Pennsylvania Hemp Laws

Philadelphia Hemp Attorneys

Although hemp may be a variant of the cannabis plant, it has only trace amounts of tetrahydrocannabinol (THC), the chemical that makes cannabis and marijuana use and consumption illegal by most mandates. Still, hemp is under regulations that have made its cultivation illegal in the United States since the Nixon Administration. If you have been arrested for a hemp-related crime and you are not sure what to do next, contact our hemp lawyers at Sacks Weston Diamond LLC. We can go over your legal options and defend your rights in court, if need be.

Uses of Hemp

The general consensus is that if a substance is not dangerous and can be useful, it should not be strictly outlawed. Hemp, for instance, does seem to have its uses and does not show potential to intoxicate or debilitate its users. Like medical marijuana, the cannabidiols (CBD) in hemp may be reduced and refined for consumption or otherwise medicinally used, possibly treating liver and heart disease, tremors, and arthritis. Because hemp contains very little THC, it cannot be used recreationally – making it ideal for a wide range of medicinal and non-medicinal uses.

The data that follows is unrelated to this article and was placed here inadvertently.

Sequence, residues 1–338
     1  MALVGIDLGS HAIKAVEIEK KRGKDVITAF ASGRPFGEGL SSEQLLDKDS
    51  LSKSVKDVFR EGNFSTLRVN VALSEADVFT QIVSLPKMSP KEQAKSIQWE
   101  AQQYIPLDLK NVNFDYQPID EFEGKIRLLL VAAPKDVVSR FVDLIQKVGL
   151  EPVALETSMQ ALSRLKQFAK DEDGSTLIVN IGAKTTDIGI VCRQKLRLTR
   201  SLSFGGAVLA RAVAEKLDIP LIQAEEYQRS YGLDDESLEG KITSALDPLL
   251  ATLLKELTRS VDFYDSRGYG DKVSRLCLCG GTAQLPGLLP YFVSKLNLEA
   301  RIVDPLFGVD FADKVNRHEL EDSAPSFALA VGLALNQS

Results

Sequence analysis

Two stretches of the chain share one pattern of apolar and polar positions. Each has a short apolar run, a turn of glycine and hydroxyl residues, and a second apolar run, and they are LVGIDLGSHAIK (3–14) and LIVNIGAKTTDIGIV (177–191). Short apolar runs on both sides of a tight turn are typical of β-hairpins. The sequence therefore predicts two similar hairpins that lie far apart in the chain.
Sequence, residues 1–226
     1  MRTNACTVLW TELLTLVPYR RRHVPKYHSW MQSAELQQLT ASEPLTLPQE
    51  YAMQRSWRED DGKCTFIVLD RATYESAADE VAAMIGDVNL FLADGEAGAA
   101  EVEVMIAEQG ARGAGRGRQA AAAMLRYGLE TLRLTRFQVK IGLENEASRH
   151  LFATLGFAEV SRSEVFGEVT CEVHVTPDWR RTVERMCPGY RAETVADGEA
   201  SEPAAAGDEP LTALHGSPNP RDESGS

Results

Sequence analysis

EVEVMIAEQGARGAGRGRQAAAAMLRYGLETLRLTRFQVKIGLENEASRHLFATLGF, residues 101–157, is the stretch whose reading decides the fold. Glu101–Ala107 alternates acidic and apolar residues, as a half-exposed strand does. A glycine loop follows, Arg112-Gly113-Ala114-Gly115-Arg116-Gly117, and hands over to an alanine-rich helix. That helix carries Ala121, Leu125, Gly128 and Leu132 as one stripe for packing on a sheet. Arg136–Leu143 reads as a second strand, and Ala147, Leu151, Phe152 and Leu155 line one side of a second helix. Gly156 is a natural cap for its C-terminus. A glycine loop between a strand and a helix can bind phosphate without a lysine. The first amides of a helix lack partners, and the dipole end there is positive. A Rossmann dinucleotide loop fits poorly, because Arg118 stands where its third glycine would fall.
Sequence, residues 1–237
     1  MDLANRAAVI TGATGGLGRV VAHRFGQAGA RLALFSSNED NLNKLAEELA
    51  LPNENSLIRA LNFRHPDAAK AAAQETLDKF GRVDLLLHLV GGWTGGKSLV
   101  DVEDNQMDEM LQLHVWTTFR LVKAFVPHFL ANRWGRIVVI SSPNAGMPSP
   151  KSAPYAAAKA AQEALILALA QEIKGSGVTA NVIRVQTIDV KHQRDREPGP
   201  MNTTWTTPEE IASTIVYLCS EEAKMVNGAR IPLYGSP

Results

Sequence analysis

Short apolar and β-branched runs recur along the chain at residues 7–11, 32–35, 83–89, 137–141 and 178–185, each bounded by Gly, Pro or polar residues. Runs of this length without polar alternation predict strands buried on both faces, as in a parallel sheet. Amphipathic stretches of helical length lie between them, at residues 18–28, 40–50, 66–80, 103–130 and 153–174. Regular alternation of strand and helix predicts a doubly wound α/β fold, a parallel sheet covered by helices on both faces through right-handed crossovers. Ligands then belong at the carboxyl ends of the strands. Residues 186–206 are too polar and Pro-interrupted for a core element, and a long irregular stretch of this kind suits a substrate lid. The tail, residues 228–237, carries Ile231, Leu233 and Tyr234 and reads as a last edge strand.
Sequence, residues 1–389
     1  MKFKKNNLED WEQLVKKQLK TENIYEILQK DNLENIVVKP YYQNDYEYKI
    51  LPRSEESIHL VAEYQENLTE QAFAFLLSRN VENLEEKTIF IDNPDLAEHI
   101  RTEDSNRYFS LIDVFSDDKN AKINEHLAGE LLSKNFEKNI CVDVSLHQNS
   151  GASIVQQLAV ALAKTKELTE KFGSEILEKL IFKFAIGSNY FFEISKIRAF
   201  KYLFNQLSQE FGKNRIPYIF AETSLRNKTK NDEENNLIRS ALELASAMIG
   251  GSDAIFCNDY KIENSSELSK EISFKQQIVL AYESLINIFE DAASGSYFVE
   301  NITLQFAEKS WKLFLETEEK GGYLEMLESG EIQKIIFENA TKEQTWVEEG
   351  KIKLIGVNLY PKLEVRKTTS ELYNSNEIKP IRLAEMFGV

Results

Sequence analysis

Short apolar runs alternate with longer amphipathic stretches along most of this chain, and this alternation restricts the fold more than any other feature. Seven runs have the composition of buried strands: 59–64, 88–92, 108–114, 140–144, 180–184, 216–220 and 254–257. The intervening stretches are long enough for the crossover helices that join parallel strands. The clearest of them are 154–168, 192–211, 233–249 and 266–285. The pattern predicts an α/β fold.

Nonmedicinal uses of hemp include:

  • Animal feed
  • Clothing material
  • Cordage (ropes)
  • Fuel
  • Soil purification
  • Composite materials

Even the United States government acknowledged the potential use of hemp when it permitted 14 states to grow the plant. The objective was to control cultivation and determine if there was commercial viability. Results of the study seem to align with what many other countries around the world believe: hemp is not dangerous and has viable commercial uses.

Decriminalizing Hemp in America

Currently, Colorado has allowed hemp producers to cultivate the crop and use it for all sorts of odds and ends. This is all due to the state’s decision to legalize cannabis. States that consider it a criminal act to cultivate hemp may still arrest and prosecute those who do. Purchasing hemp-based products through internet sales in other states also remains illegal.

In Pennsylvania, House Bill 967 proposes industrial hemp research and possible decriminalization of hemp in the state. At the very least, it suggests allowing permits to lawfully produce hemp and manufacture products sourced from the substance under far less restrictions than other types of cannabis. Whether or not the bill will pass, however, is uncertain, as it has recently been “tabled”, or postponed.

If you would like to know more about hemp law in Pennsylvania – including laws affecting the use, cultivation, dispensation, and production of medical hemp – do not hesitate to contact our hemp attorneys today. We are ready to help you get started with the advice or representation you need.

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